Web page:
Growth in the industrial sector continues to increase, along with health and safety standards to ensure the productivity and safety of employees at every level. Of course, many of these industrial facilities have people moving around throughout the day, as well as operating heavy machinery and moving supplies in rapid succession. All these things can take a once perfectly clean facility and turn it into a disheveled mess.
At the same time, a lot of stakeholders, investors, and visiting clients gauge the success of an industrial facility based on its cleanliness, just as much as its production and potential profitability. Ultimately, a properly cleaned facility is one that has fewer accidents, as well as fewer sick days taken by employees.
So, it’s no wonder why so many commercial property owners and industrial facility managers are always looking to update and improve their health and safety standards. Many find that it helps to adopt a series of standard operating procedures for best practices customized to their facility. This typically requires a multi-phase strategy during duty shifts, as well as daily cleaning tasks and even periodic specialty cleaning services.
Developing A Comprehensive Cleaning Plan
Taking the time to develop a comprehensive cleaning plan also empowers you, and your management staff to define actionable steps as well as maintain measurable goals. Ultimately it is much easier to undergo regular cleanings than it is to procrastinate cleaning practices until you need to perform a massive deep clean every week or month.
When developing a comprehensive cleaning plan for your industrial facility, be sure that you include essential things like sweeping regularly, keeping floors clear of obstacles and potential safety hazards, as well as setting up rules for maintaining employee workstations.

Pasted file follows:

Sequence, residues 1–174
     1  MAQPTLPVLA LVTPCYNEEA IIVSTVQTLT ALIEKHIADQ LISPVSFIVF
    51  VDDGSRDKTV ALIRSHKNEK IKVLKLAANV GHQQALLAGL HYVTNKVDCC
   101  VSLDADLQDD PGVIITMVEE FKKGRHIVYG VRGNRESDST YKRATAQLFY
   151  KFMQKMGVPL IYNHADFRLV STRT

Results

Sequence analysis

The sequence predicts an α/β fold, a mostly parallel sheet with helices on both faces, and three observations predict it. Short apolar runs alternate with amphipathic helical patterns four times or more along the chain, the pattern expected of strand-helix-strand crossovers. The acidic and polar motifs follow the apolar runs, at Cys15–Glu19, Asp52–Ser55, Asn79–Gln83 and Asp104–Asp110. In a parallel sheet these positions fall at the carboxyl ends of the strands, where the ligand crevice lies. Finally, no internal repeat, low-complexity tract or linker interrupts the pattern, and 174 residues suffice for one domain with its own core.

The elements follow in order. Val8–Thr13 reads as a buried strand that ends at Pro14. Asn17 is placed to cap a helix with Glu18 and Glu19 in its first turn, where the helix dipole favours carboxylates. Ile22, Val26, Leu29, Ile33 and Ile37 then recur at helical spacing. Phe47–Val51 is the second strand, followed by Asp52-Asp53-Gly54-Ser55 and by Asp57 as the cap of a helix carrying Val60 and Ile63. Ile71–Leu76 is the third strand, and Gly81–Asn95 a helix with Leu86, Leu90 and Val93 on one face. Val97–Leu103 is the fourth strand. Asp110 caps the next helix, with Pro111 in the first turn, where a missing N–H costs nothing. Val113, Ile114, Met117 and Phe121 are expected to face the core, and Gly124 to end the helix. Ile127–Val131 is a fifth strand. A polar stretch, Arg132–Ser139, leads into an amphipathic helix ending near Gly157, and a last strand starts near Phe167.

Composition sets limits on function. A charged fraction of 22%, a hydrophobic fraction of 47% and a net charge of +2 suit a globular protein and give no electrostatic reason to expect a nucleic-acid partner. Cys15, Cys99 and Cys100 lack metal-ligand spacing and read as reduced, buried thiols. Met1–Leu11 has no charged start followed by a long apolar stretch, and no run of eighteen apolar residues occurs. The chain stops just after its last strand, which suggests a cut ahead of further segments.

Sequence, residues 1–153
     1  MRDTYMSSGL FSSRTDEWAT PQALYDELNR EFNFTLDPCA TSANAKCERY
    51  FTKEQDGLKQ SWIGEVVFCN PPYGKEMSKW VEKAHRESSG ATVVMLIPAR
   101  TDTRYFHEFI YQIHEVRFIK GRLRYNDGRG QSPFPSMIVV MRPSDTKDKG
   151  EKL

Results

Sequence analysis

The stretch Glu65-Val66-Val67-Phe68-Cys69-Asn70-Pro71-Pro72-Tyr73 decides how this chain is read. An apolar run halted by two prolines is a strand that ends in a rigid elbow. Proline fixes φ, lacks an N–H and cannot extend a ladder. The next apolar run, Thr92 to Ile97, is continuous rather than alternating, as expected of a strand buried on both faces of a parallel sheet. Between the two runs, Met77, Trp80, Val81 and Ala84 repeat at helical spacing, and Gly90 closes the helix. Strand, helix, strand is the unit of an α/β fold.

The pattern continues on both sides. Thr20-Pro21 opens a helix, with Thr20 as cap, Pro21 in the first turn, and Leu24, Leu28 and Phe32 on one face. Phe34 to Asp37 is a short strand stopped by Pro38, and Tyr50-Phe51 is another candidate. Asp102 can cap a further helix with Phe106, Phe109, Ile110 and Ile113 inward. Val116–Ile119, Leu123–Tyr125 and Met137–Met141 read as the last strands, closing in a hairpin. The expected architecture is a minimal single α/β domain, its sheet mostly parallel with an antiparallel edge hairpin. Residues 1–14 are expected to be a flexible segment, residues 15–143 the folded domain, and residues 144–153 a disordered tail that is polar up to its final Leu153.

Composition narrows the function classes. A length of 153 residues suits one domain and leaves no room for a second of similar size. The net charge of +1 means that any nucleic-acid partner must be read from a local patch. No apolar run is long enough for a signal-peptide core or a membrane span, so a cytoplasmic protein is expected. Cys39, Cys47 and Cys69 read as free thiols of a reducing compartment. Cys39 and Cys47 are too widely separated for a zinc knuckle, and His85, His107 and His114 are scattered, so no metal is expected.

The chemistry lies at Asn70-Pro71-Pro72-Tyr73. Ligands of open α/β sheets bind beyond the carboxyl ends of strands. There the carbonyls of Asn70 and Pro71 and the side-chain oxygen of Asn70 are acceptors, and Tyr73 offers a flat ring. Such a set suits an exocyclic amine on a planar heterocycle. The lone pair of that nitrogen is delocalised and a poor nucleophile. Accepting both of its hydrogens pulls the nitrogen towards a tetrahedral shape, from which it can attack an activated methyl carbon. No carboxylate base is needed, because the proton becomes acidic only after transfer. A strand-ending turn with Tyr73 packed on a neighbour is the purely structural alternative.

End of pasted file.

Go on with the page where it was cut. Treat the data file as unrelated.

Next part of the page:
Along the way, don’t pass over little details such as dusting, spot inspecting equipment at the start of every shift, and checking for any damage or spills. It’s best to keep a cleaning log so that you can stay on top of tasks and avoid getting backlogged. It can also serve as a duty reminder to all employees throughout their workday.
When it comes to industrial cleaning best practices, you need to make sure that you regularly clean equipment, as well as disinfect high-touch areas, undergo industrial carpet cleaning, and service windows, as well as all glass surfaces.
Also make sure to develop a cleaning plan for places like the loading dock, and the HVAC system, as well as check the exhaust system. Routine cleaning of these essential systems goes a long way toward reducing maintenance costs from emergencies.
Designate Cleaning Zones
A lot of industrial facility managers find it helps to set up cleaning zones. You can then assign specific employees to each zone in your facility. Empowering them to be responsible for cleaning and organizing throughout the day reduces the accumulation of big messes.
This simple act of ongoing cleaning in clearly defined areas takes very little time out of their workday. Yet it also goes a long way toward ensuring that your facility stays safe for all shifts. Also make sure that all employees know that before clocking out, have them do a quick sweep and wipe down of the area.